Addiction Treatment

Who Needs Help for Gambling Addiction

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Last updated: 09/18/2018
Author: Medical Review

Reading Time: 3 minutes

Receiving help for gambling addictions is not hard for people to find, the problem lies with people wanting to find it. According to, it is estimated that 2 million adults meet the criteria for pathological gambling in a given year in America. In addition, another 4-6 million would be considered problem gamblers. This information basically means that between 6 and 8 million people living in America, which is roughly 4 % of the population, suffer from a gambling addiction.

Why Help is needed for a Gambling Addiction

Compulsive gambling can ultimately take over a person’s life. People who form an addiction to gambling typically make gambling the main priority in their life. Gambling is a dangerous addiction because it causes people to lose massive amounts of money quickly that then leads to a person losing important items and people in their life.

Once a person begins to lose their family, friends and assets they tend to have the mentality that more gambling will help them win them back. The problem is that many people do not win their losses back and end up losing more assets which results in massive debt.

When these types of instances occur in a person’s life many people tend to suffer from depression and anxiety due to the intense circumstances that have arisen from their gambling addiction, this can ultimately lead to suicidal tendencies and manic depression.

Signs of Compulsive Gambling

The majority of people have gambled at some point in their life and some point have the ability to gamble once in a while and not form any type of an addiction to it. Other people are not that lucky and will begin to gamble on a more frequent basis. Signs that a person is starting to form a gambling addiction are:

  • When a person lies about their gambling habits and feels the need to keep it a secret form others
  • When a person gambles even when they do not have the extra money to spend on it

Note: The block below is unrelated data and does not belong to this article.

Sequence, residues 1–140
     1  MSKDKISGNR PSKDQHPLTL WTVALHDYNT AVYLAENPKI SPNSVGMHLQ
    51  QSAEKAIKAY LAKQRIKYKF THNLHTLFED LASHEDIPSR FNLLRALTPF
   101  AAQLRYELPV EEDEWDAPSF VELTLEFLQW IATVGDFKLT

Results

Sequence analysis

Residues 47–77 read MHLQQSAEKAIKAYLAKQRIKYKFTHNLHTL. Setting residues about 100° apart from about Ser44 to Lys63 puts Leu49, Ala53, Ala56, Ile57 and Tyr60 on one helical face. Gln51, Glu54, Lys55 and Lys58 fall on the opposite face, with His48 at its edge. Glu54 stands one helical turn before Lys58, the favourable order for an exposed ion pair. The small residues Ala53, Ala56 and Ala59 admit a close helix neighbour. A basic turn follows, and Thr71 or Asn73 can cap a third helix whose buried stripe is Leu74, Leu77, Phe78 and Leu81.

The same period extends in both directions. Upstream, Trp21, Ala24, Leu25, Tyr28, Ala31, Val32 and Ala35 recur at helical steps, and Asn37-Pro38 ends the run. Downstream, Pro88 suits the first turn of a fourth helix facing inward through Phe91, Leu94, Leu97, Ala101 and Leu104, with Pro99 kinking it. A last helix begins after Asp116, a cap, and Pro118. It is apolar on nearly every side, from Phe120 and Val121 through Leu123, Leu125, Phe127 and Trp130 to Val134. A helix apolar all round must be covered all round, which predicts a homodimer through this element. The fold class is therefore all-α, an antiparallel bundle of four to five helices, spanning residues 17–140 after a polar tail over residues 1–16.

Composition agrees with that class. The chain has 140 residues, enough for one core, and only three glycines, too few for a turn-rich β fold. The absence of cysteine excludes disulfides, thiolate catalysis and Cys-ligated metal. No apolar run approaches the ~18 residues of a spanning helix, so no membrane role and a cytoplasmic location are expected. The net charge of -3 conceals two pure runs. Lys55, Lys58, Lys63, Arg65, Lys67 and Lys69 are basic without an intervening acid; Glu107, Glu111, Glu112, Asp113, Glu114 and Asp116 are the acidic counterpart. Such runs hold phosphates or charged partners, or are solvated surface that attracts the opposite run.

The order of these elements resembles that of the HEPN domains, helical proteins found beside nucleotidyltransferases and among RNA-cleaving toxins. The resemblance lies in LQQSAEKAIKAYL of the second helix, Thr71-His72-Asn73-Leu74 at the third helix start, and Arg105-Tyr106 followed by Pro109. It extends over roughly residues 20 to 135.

• When a person has trouble stopping gambling once they have started
  • When a person’s family and friends are concerned about the person’s gambling habits

Once a person begins to exhibit these signs, they most likely are forming a gambling addiction and should seek help or try to stop gambling before the need for gambling becomes any stronger.

Getting Help

Some people can stop gambling on their own before their addiction takes hold of them, but for others, stopping the urges to gamble are extremely difficult and it takes outside sources to help them overcome their addiction. There are gambling hotlines a person can call for advice on how to stop gambling and there are gambling rehabilitation programs available for people with a gambling addiction. Outside resources, such as gambling rehabs, have proven effective over the years and are a big help for gambling addiction. A person can find rehabs and programs located near them through research on the internet or by contacting a gambling help hotline.

How Our Helpline Works

For those seeking addiction treatment for themselves or a loved one, the helpline is a private and convenient solution.

Calls to any general helpline (non-facility specific 1-8XX numbers) for your visit will be answered by American Addiction Centers (AAC).

We are standing by 24/7 to discuss your treatment options. Our representatives work solely for AAC and will discuss whether an AAC facility may be an option for you. Our helpline is offered at no cost to you and with no obligation to enter into treatment. Neither nor AAC receives any commission or other fee that is dependent upon which treatment provider a visitor may ultimately choose.

For more information on AAC’s commitment to ethical marketing and treatment practices, or to learn more about how to select a treatment provider, visit our About AAC page. If you wish to explore additional treatment options or connect with a specific rehab center, you can browse top-rated listings or visit SAMHSA.

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